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WUNC's education coverage is led by reporters Dave Dewitt and Reema Khrais. Dewitt has been with the station since 2003. Khrais is focused on Education Policy Reporting. Browse recent stories here.

N.C. House Plan Would Create Scholarship Program For Aspiring Teachers

WUNC File Photo

House representatives in the state's General Assembly presented a bipartisan proposal on Thursday to create a scholarship program to help create highly-effective teachers.

The program, which received its first approval by a House Education Committee, would provide scholarship loans for individuals to attend “highly-effective” education schools. According to the bill, recipients would receive up to $8,500 per year.

“We need to attract and retain high-quality teachers and put them in the places where they’re needed the most,” said Rep. Craig Horn (R-Union).

Recipients would be required to commit to teaching in a hard-to-staff school or a hard-to-staff subject for at least four years.

In the Thursday committee meeting, Rep. Frank Iler (R-Brunswick) noted the program sounded a lot like the N.C. Teaching Fellows program, which the state began phasing out in 2011.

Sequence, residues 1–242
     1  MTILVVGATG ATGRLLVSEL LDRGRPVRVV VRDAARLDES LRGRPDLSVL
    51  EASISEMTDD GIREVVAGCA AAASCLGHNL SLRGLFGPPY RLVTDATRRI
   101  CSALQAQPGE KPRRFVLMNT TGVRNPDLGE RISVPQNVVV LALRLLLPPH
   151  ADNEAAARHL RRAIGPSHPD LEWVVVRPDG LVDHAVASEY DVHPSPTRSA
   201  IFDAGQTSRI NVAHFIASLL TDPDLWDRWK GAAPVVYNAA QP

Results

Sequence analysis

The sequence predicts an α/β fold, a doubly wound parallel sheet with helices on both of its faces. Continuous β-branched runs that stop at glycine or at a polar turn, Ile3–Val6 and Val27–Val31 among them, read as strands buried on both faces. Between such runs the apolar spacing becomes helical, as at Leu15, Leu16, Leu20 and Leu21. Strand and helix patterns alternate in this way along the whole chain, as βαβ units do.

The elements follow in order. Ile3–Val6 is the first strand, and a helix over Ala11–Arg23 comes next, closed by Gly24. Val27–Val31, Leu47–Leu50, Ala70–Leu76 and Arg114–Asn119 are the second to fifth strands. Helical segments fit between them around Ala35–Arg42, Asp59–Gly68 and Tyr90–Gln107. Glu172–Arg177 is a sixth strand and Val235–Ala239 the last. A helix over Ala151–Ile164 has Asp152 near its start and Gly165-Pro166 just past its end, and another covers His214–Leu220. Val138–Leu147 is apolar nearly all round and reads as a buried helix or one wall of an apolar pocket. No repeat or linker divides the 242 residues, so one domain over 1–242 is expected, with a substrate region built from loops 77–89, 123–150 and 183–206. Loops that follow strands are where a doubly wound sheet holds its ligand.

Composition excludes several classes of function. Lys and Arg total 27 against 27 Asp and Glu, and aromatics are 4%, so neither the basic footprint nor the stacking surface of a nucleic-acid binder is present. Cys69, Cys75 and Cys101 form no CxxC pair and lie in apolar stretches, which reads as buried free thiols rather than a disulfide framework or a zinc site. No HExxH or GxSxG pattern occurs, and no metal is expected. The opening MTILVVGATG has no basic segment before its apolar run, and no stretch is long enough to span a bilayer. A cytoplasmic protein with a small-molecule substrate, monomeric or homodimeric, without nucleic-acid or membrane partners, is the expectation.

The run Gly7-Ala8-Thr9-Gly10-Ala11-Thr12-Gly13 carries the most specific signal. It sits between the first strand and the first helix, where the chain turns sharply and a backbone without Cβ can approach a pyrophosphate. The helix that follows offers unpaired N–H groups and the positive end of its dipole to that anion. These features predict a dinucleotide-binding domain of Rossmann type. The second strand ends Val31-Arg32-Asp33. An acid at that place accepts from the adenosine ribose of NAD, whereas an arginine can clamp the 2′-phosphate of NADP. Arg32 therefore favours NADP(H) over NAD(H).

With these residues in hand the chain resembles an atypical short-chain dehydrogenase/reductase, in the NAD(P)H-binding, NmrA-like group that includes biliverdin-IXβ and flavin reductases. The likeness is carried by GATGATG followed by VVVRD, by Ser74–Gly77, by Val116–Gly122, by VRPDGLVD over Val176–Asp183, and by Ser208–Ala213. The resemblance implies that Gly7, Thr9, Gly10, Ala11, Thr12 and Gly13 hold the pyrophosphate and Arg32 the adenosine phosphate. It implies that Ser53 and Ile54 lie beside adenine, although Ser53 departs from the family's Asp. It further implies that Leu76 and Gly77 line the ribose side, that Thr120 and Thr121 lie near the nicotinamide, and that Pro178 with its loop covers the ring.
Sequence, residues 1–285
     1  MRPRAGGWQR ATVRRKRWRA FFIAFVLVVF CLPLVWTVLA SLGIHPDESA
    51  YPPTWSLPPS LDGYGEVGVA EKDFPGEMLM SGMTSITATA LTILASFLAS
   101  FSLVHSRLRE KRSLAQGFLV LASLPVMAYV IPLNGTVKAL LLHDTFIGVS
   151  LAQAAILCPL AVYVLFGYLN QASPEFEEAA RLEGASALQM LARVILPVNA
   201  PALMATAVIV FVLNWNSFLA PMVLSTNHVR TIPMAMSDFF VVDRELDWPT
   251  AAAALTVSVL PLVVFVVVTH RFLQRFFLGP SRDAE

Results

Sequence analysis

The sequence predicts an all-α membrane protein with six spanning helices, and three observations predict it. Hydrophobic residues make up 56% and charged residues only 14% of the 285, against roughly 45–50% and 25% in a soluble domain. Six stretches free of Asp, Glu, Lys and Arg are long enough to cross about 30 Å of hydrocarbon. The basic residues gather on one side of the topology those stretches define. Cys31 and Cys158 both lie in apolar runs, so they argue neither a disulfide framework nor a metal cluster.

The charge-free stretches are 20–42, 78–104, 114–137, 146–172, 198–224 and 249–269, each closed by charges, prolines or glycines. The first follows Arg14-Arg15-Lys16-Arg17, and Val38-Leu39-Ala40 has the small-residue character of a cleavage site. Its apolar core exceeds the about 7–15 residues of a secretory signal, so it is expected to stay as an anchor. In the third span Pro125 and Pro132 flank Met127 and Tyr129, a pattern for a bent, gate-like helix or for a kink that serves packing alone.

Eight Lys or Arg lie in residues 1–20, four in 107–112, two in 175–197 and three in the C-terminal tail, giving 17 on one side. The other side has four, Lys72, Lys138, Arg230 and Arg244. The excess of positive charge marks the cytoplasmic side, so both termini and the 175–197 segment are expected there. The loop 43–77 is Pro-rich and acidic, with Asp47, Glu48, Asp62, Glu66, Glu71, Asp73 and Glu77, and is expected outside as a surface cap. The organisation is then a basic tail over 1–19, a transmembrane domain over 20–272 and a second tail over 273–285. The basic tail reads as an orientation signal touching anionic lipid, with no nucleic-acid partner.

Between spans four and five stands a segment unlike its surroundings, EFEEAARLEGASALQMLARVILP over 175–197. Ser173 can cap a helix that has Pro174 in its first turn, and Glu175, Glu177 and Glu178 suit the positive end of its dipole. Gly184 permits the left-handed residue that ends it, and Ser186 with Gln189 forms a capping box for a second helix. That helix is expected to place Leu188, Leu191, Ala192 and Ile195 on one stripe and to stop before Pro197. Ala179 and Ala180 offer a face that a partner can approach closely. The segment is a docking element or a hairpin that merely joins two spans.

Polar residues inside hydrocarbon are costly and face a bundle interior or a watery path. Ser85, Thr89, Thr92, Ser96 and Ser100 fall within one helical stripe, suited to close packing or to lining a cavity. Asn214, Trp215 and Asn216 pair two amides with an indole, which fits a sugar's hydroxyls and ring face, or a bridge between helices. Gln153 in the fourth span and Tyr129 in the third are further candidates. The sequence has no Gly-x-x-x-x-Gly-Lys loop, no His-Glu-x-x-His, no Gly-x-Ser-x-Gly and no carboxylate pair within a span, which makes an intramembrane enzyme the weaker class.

Sponsors of the bill said unlike Teaching Fellows, the proposed program would accept high school students, current university or community college students, and those looking to make a lateral entry.

The Teaching Fellows program awarded education scholarships to high school students entering four-year universities. In return, students committed to teaching in North Carolina for at least four years.

The bill is headed to an appropriations committee where lawmakers will discuss funding.

House Education committee members also heard three other related bills.  One would encourage the state to continue its transition to digital learning. HB662 would create pilots around the state to implement differentiated pay programs for teachers, and HB902 would allow the state to contract with private groups to train and prepare principals. 

Reema Khrais joined WUNC in 2013 to cover education in pre-kindergarten through high school. Previously, she won the prestigious Joan B. Kroc Fellowship. For the fellowship, she spent a year at NPR where she reported nationally, produced on Weekends on All Things Considered and edited on the digital desk. She also spent some time at New York Public Radio as an education reporter, covering the overhaul of vocational schools, the contentious closures of city schools and age-old high school rivalries.
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